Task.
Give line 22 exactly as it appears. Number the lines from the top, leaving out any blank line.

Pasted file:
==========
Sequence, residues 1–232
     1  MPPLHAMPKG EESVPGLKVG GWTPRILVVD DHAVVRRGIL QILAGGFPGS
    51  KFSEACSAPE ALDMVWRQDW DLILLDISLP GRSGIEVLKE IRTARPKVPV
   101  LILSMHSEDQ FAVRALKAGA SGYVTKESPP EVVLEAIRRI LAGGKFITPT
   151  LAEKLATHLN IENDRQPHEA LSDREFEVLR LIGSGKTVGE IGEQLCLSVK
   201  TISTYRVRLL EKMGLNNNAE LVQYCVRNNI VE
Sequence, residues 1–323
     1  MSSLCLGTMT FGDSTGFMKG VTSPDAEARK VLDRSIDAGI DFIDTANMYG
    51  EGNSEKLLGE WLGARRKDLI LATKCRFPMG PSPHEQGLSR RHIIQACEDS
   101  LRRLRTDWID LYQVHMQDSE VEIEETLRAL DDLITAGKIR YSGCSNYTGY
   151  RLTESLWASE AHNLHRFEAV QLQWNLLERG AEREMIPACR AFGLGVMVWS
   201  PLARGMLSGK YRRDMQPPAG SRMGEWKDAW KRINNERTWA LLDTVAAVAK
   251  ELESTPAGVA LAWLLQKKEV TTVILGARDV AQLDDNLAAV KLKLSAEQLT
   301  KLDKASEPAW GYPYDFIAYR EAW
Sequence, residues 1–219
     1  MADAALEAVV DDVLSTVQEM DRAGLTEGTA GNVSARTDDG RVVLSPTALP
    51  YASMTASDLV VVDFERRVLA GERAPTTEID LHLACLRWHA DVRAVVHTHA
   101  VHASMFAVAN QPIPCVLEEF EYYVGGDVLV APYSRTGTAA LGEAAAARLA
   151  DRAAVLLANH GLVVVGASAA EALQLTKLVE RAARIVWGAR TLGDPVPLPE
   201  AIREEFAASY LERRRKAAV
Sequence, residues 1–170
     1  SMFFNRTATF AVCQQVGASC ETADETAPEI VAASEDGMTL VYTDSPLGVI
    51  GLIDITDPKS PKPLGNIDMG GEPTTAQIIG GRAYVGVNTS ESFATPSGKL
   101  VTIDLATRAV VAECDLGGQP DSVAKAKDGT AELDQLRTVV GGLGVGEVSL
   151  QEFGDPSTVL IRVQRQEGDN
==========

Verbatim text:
     1  SMFFNRTATF AVCQQVGASC ETADETAPEI VAASEDGMTL VYTDSPLGVI